Feed the good wolf

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Elders and traditional people are special in that they are capable of handing down their knowledge in the simplest ways.

I was reminded of this simple, patient way of teaching recently when I attended a gathering this summer. I took part in the Fourth Annual Wabun Youth Gathering in Elk Lake, an event that brings together young people from the Wabun communities in northeastern Ontario. I could see the excitement on the faces of the young people who attended but I also could sense the anxiety and energy in the group. They were put together with traditional people who taught them about our Aboriginal spirituality and beliefs. Our Grand Chief Stan Beardy, of Nishnawbe-Aski Nation (NAN), also made a special trip to attend this annual event to provide his support and encouragement to local young First Nation people. I also had an opportunity to share some of my life experience and my work in writing. Paul Chokomolin, Chad Boissoneau and Marcia Brown also provided teachings to the children and teens.

It was a busy period and in the running around and excitement of teenagers and organizers following their daily agenda it was difficult to find a quiet moment. Elder Emil Durocher had been invited to the event to pass on his teachings to the youth participants. I found him to be quiet man with a soft nature. He patiently worked with everyone and took time to speak to young people individually during the daily rush of activity.

At one point I stood beside him by a fire he was building. He was preparing with help from the Yellow Ribbon Dancers to build a sweat lodge. As I stared at the flames, he explained to me that a fire was like a small child who we need to care for and attend to. If we are not watchful, the flames are capable of running away like any small child. He added that if the fire was not attended to and fed, it would fail and die. I always had respect for fire and I learned many lessons from my Elders up north but I never had it explained to me in this way. Meegwetch to Elder Durocher for making me more aware of fire.

This quick life lesson reminded me of much of the traditional knowledge that my Elders passed on to me. I recall spending time with my grandmother Louise when I was growing up in Attawapiskat. I spent many afternoons with Kookoom. Sometimes she did not have much to say but when she offered something it was to make me laugh or to tell me about a new part of life that would help me in the future. I never sat down with her to ask her directly for these teachings. Instead, they were passed on to me and her other grandchildren and great-grandchildren over a long period of time mostly in simple, quiet conversation and many times around the fire.

I remember spending hours by the fire when we were out on the land as a family. I always enjoyed sitting by the flames, watching the coals and feeling the warmth of the fire. It was during one of these moments that my dad Marius taught me how to forecast the weather by watching the fire. It was mid-February and the weather hovered around minus 20 at the time. He directed me to watch the burning coals and pointed out the bright hot spots that glowed white. He explained that when the hottest part of the coals turned white, cooler weather was on the way and if they burned a shade of yellow or even red, then warmer temperatures were in the forecast. Sure enough, a few days later, after watching the white coals with dad, the weather turned bitterly cold and dipped to below minus 30 and 40 degrees Celsius. Ever since then, I always watch the coals when I sit by a fire and try to determine the week’s forecast.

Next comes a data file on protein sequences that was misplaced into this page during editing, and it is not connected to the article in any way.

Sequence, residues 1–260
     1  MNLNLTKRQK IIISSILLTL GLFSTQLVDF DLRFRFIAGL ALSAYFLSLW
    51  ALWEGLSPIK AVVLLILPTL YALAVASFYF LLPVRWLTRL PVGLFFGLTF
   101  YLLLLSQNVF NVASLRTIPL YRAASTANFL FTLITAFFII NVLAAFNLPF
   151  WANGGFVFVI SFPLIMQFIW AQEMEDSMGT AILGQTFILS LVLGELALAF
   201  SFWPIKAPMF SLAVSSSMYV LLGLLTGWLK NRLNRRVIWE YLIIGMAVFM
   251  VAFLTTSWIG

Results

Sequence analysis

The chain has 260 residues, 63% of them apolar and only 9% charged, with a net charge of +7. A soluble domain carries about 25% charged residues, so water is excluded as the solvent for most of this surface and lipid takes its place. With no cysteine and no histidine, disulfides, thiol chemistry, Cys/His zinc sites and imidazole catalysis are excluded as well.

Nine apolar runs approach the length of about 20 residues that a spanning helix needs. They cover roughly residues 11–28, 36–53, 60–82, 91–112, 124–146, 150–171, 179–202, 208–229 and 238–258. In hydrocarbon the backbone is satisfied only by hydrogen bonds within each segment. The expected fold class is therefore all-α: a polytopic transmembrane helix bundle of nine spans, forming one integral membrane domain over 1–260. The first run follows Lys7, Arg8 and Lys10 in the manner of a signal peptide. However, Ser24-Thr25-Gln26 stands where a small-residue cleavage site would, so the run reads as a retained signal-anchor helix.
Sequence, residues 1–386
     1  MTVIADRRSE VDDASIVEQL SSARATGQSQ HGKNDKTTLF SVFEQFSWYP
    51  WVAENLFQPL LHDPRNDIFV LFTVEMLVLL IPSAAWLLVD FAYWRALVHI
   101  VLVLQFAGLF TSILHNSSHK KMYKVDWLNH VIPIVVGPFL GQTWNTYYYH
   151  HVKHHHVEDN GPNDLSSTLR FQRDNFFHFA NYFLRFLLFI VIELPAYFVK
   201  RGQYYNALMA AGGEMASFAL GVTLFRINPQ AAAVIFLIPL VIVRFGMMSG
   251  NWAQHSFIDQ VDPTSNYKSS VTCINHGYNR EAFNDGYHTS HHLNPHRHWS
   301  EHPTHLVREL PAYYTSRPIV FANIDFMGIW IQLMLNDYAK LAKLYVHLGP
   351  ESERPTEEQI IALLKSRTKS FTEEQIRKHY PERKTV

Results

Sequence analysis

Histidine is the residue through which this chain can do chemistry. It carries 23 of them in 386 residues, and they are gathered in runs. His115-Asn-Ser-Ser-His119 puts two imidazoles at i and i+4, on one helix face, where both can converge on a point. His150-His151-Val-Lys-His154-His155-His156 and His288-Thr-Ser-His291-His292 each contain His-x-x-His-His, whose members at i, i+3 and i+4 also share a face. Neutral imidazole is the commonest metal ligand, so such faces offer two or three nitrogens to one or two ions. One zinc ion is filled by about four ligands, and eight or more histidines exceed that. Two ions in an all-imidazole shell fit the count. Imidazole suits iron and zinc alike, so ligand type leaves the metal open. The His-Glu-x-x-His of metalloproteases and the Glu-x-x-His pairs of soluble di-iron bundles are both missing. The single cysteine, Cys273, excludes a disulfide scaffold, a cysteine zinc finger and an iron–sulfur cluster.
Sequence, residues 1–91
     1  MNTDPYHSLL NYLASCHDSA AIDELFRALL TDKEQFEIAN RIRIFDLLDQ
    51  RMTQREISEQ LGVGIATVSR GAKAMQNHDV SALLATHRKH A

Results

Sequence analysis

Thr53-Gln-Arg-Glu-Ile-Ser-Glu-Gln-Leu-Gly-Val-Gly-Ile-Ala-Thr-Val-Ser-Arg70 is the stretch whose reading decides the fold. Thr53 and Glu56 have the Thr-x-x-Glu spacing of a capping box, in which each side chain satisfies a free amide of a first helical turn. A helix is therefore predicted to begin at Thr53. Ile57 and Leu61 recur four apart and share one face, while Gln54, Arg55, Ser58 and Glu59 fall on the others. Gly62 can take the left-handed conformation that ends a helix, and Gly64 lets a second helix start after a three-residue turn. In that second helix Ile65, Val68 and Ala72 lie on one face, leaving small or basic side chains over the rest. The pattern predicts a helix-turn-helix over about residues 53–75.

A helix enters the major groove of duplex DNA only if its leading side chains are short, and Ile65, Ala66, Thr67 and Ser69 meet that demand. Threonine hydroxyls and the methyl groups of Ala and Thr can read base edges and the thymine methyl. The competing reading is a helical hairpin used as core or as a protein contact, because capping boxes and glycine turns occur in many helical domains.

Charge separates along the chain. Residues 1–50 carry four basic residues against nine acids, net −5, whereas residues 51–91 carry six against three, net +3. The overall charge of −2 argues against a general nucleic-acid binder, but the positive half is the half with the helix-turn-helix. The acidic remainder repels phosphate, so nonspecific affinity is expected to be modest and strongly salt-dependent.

As I learned to spend more time on my own, I discovered that I could access a world of teaching and knowledge by reading what others have written. In the modern world we are all capable of accessing a world of teaching through the window of the Internet.

I come across many simple teachings and cultural pearls of wisdom on my regular wanderings around the Internet. One teaching really caught my attention. It is a story of an Elder who meets a young boy. The boy tells the Elder that he feels like he has two wolves inside of him. One wolf is a kind and sensitive animal and wants to have a good and peaceful life while the other is a mean-spirited creature that wants to intimidate and hurt others. The young boy told the Elder that the wolves were always fighting inside him and he was afraid of his future. He asked the Elder what wolf would win the fight and the kind and wise Elder took the boy by his shoulders and looked deeply into his eyes. He then said, “The winner will be the wolf you feed the most.”

That should be a good reminder to us all that if we nurture and feed the best part of who we are then we shall reap the benefits from doing so. So, feed that good wolf inside you.


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